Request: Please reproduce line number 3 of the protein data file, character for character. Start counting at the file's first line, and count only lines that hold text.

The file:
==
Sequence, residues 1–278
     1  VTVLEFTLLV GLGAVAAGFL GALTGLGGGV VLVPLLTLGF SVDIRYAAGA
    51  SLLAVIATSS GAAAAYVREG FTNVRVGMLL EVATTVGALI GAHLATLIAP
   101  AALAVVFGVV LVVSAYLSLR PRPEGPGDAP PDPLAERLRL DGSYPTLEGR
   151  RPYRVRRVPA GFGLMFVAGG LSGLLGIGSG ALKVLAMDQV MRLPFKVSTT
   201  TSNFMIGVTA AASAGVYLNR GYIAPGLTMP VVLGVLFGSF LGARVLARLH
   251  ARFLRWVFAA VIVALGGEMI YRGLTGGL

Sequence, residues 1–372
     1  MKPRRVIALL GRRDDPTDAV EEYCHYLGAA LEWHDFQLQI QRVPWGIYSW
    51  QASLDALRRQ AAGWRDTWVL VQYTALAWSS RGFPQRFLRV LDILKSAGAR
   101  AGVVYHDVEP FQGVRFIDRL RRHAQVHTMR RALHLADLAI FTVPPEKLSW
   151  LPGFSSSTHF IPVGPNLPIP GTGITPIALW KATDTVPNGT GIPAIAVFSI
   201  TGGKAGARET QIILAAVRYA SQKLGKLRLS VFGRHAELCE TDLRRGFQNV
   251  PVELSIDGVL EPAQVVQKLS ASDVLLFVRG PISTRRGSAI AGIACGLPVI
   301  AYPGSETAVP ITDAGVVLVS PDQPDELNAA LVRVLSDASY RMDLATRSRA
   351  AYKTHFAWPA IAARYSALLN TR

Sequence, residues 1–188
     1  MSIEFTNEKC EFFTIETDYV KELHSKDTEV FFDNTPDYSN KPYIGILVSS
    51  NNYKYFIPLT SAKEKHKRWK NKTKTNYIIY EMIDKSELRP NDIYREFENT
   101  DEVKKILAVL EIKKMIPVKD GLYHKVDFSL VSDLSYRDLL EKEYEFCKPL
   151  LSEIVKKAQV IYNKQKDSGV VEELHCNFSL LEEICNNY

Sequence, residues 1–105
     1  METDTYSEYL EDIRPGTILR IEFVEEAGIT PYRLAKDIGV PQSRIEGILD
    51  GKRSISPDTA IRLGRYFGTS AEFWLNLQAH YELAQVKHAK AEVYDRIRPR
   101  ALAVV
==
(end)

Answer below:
    51  SLLAVIATSS GAAAAYVREG FTNVRVGMLL EVATTVGALI GAHLATLIAP